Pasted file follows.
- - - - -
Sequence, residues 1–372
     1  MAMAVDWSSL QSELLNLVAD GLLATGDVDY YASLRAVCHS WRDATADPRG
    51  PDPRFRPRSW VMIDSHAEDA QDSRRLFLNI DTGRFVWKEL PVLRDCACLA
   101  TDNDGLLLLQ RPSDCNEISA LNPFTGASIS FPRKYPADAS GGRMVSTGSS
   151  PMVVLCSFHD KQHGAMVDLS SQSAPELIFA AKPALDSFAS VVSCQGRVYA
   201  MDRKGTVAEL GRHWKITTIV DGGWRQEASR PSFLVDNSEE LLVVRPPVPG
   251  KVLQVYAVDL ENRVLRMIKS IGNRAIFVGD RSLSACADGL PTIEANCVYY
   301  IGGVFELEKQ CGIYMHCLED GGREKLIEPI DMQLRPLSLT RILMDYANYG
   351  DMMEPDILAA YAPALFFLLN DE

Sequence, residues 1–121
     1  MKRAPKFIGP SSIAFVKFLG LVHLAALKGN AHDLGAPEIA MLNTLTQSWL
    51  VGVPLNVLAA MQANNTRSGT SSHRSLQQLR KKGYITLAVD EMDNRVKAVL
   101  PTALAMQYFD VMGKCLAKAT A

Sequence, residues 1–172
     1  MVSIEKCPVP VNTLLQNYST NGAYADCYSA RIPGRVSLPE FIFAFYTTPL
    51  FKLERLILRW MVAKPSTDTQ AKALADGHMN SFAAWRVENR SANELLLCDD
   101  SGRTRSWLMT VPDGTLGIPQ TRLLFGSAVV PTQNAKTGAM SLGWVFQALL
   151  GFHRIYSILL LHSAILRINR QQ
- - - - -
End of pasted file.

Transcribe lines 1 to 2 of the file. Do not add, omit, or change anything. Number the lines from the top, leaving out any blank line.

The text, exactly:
Sequence, residues 1–372
     1  MAMAVDWSSL QSELLNLVAD GLLATGDVDY YASLRAVCHS WRDATADPRG